Cardinals began to wear bright red robes instead of purple when the original dye became scarce. Due to this association, some people consider these flowers a symbol of being pious and devoted to religion.

Lobelia Flower Meaning in the Victorian Flower Language

Writer Nathaniel Hawthorne was a big fan of this flower, especially the red flowering variety native to many parts of the US. He described it as a flower that symbolized deep thoughts and being in touch with one’s heart. 

In the Victorian Flower Language, Lobelias had a similar meaning of distinction. It also was used to symbolize pride or being proud of someone. 

While the lavender and light blue varieties were more popular in Europe than the bright red type, they still shared a common symbolism during this period.

Lobelia Flower Meaning in Hanakotoba

Lobelia Flower Meaning in Hanakotoba

The Japanese have also developed their own Language of the Flowers over the last few hundred years, known as Hanakotoba. Lobelia is native to this part of the world as well, but the flower has earned a negative association in this culture. Thanks to its toxicity in large doses, it’s considered a symbol of malevolence, dislike, and arrogance.

Healing and Recovery

Thanks to its association with herbal medicine, Lobelia can send a message of healing and recovery as well. It’s significant to gift to someone dealing with depression or asthma since these are the two main conditions Lobelia is claimed to treat.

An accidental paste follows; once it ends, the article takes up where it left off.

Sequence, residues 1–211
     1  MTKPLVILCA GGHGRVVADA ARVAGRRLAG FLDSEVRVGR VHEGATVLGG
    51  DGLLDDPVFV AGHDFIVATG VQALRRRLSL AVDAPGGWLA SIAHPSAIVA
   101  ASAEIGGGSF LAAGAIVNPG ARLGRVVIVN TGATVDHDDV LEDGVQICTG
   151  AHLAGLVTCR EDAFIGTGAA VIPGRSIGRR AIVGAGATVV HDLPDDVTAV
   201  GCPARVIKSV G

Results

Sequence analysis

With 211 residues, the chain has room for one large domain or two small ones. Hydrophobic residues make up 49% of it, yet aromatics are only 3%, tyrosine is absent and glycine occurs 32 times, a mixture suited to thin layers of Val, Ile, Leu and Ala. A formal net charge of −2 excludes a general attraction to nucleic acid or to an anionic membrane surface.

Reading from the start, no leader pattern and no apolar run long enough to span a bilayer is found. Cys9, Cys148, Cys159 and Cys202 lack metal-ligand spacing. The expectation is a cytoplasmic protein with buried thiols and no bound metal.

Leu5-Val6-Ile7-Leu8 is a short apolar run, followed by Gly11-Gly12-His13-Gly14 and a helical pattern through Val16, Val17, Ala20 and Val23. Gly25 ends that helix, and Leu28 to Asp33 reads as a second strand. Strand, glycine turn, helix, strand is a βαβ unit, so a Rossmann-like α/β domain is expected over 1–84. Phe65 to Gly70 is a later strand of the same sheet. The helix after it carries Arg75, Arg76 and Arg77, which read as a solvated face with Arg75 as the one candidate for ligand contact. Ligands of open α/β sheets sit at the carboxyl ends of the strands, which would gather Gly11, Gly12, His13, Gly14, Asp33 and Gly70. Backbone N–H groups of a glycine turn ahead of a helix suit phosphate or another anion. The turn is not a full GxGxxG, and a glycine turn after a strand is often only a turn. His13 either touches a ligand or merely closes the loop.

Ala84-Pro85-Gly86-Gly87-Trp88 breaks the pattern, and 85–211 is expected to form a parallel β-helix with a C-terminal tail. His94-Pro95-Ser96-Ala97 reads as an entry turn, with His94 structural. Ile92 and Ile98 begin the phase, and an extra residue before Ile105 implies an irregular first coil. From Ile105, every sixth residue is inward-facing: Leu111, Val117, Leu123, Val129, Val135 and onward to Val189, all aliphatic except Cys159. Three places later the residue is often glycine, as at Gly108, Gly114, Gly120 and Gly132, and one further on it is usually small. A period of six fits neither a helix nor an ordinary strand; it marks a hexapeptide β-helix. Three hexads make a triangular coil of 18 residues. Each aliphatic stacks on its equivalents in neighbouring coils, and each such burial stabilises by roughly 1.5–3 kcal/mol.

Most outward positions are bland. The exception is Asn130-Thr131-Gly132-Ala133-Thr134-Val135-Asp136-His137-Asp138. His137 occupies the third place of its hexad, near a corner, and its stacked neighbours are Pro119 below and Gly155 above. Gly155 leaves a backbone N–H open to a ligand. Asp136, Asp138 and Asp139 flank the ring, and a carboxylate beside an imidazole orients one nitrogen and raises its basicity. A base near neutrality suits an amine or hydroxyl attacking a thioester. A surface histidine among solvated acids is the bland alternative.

Bright red blooms are a good choice for perking up someone’s low mood, while the calming colors of lavender or baby blue flowers might work well for anyone struggling with breathing troubles. 

Despite the tobacco-like odor of the crushed plant material, it doesn’t contain any nicotine and isn’t actually related to tobacco.

Lobelia Flower Meaning and Love Charms

Lobelia Flower Meaning and Love Charms

Multiple Native American groups, including the Iroquois and the Haudenosaunee, considered the Lobelia flower a symbol of love and devotion. This was a literal belief because the flowers and roots would be chopped up and consumed in many of the rituals aimed at uniting couples or helping them deal with disagreements. 

Other tribes merely exchanged the flowers or used them as gifts when courting potential partners. This symbolism carries through today, even among groups that aren’t native to North America.

Suitable Gifting Occasions for Lobelia Flowers

If you follow European or American flower meanings, the Lobelia blooms are ideal for sending a message of romance or support to someone you’re close to. The bright red color is obviously a good choice for romantic messages, while the white, blue, and purple varieties are better suited for wishing someone well.